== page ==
Garsington Opera is quintessential English Country House opera. Garsington Manor is a private house, not normally open to the public, but for a few weeks in early summer it hosts a season of opera in a temporary theater. The whole manor is a piece of theater. It stands on a hilltop overlooking the rural Oxfordshire countryside. It’s designed so the distant horizon looks like an extension of the garden. It’s spectacular *trompe d’oeil*. At night, statues around the vast, formal lily pond are spotlighted so they glow softly in the darkness. The theater itself is completely open on one side, overlooking a beautiful walled English garden, which can be used to extend the stage area. Indeed, wind, rain and the occasional bird sometimes take part in shows. The atmosphere is unique
It’s an ideal setting for a light hearted opera like *Mirandolina*. Martin? delighted in *commedia dell’arte* and saw the possibilities of adapting Goldoni’s *La Locandiera* for the modern stage. Onto this Martin? builds musical jokes, complete with recitatives, arias, moments of Italianate color and stretches of spoken dialogue. This isn’t farce, it’s far too warm hearted and funny. Nor is slapstick, as it’s too relaxed. As Martin? said it’s “a light, uncomplicated thing”, fun for the sake of fun.
Mirandola is the hotel owner who likes to tease men but loses interest once they fall for her charms. Her suitors are noblemen whose very names are jokes, like “Albafiorita” and “Forlimpopoli” announced with great flourish. |When she gets the woman-hating Cavaliere to love her, she marries her waiter instead. There is room for spicier things, like the sub plot where tarty “actresses” try to pass themselves off as ladies of the nobility, but Martin? chooses not to develop these ideas, focusing instead on sunny insouciance.
The set is gorgeous, bright vivid shades of orange, yellow red and blue, a reference to the “sunny Italy” in the plot, or perhaps to the life the composer was enjoying on the Riviera when the opera was written. Special mention should be made of the costumes, as vivid as the cartoons in 18th century broadsheets. They are so watchable that they make up for the lack of character development.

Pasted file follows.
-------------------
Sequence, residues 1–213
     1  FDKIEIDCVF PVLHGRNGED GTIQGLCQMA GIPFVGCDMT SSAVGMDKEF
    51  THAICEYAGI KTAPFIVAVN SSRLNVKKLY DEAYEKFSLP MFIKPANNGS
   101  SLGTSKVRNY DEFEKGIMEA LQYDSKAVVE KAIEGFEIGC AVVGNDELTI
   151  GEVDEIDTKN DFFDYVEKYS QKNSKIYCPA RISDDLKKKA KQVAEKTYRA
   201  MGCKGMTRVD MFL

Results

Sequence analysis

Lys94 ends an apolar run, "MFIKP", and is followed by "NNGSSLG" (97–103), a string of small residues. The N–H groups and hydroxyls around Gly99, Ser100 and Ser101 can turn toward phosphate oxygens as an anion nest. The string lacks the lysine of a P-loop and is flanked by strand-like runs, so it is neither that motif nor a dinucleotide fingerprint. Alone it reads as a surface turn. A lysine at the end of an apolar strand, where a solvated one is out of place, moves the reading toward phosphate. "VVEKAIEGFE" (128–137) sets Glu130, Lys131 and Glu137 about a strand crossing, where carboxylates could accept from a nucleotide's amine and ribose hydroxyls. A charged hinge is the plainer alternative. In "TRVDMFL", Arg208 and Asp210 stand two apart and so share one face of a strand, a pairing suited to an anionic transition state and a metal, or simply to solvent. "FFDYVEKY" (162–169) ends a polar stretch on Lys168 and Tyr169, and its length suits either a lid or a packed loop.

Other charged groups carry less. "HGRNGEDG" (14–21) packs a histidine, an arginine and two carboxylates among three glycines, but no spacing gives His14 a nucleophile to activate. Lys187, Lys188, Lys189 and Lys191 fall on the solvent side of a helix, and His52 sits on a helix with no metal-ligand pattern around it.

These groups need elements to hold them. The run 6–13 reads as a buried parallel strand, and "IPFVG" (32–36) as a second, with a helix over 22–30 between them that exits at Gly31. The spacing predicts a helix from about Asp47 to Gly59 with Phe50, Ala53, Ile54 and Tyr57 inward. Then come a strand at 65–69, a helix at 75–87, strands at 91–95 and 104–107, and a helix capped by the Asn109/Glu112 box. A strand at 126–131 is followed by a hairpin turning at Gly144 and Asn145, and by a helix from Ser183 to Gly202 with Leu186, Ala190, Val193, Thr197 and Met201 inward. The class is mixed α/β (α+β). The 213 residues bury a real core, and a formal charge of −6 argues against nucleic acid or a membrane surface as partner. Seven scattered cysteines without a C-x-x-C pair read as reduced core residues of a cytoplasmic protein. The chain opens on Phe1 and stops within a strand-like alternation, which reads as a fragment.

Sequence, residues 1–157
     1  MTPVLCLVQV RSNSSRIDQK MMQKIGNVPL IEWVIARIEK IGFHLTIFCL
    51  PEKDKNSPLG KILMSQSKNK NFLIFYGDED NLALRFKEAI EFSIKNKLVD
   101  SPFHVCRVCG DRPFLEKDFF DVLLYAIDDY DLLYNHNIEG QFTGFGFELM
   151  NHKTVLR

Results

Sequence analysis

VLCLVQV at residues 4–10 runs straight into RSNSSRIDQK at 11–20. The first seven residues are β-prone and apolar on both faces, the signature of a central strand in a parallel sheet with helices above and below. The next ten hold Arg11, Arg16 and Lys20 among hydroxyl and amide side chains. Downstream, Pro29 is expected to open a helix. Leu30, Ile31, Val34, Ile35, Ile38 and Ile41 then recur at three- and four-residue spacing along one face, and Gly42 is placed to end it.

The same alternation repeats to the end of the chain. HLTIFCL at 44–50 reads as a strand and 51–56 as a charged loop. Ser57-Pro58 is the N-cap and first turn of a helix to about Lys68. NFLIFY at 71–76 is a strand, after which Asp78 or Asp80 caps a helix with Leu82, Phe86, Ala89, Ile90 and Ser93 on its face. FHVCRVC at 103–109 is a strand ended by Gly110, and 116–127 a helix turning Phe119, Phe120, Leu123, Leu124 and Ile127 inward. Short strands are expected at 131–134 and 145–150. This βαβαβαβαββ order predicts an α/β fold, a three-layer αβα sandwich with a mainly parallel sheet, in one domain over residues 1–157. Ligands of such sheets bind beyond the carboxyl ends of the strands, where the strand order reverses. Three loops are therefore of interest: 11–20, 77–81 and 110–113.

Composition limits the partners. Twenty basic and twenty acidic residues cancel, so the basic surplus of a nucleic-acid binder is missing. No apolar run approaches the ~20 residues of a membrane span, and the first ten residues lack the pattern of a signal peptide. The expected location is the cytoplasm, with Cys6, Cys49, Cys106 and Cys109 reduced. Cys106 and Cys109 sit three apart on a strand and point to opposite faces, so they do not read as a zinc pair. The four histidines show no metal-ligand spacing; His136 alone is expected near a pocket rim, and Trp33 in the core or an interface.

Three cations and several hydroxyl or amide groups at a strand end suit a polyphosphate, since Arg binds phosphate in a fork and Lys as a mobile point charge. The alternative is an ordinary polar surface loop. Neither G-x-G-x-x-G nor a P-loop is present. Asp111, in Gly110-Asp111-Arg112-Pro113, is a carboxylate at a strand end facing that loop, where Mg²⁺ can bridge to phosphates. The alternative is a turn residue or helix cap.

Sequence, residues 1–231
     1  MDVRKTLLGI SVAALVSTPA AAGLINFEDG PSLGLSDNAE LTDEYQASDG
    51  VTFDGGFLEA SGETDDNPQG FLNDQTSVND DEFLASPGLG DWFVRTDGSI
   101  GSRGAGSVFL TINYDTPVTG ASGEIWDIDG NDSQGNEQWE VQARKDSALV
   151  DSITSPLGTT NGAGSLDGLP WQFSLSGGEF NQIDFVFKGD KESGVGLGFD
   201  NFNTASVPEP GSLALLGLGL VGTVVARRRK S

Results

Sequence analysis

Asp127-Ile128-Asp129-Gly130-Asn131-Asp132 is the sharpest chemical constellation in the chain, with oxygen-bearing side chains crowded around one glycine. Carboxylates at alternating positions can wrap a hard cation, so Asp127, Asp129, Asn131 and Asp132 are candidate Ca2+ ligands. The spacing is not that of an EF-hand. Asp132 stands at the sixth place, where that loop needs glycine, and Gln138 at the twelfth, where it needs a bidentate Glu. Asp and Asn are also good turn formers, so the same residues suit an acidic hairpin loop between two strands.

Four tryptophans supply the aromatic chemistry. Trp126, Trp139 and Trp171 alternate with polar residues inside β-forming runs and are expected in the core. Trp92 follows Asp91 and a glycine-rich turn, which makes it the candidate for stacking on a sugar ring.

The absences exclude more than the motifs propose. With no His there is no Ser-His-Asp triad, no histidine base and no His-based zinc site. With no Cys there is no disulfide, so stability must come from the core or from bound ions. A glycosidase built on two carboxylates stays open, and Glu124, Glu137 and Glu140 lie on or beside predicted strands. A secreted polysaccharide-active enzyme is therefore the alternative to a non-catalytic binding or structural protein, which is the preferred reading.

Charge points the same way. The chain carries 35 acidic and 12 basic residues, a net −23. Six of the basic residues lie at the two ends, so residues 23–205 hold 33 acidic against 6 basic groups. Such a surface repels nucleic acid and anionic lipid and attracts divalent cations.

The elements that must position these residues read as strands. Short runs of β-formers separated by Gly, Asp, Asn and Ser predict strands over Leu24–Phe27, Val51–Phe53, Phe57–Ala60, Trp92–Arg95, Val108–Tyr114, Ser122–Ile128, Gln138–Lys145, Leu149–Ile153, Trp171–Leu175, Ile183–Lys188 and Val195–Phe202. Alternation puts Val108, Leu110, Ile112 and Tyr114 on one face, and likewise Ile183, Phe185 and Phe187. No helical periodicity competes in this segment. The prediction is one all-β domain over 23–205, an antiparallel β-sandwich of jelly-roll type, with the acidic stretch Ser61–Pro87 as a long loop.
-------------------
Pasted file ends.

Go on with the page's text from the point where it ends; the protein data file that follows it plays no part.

The translation is by Jeremy Sams. It’s so deadpan and maudlin, it evokes cackles of laughter. Indeed, there are choruses made up entirely of laughs “ha ha ha ha”, and “oh oh oh, ha ha ha” weaving merry rhythms. Mirandolina ‘s grandmother taught her a ditty, “Long live wine and love and laughter”. It’s banal but sung with such fervour it’s funny. Word setting otherwise misses the mark, but again, this isn’t High Art but fluff.
Performances could have been more polished, livening up the pace to sharpen comic delivery, but this isn’t the kind of opera where or feats of vocal fireworks are needed. Juanita Lascarro, the heroine, is the only naturalistic role in a company of caricatures, so her part gave her range to show her skills.
*Mirandolina* would fall flat as serious opera, heard in more formal surroundings, but at Garsington, where you’re mellow with the ambience and fuelled with good champagne, it’s plain good fun. So grandmother had it right after all. As long as you have “wine and love and laughter”, things can’t be all bad.
Mirandolia runs to 5th July at Garsington Opera. See http://www.garsingtonopera.org/
product_title=Bohuslav Martin? : Mirandolina
product_by=Juanita Lascarro (Mirandolina), Mary Hegarty, Jean Rigby (actresses), Daniel Norman (Fabrizio), Mark Wilde (The Count of Albafiorita), Geoffrey Dolton (The Cavaliere of Ripafratta), Andrew Slater (The Marquess of Forlimpopoli), Stuart Haycock (servant of the Cavaliere(, Martin AndrÈ (conductor), Martin Duncan (director), Francis O’Connor (design). 18th June 2009, Garsington Opera, Oxfordshire, England.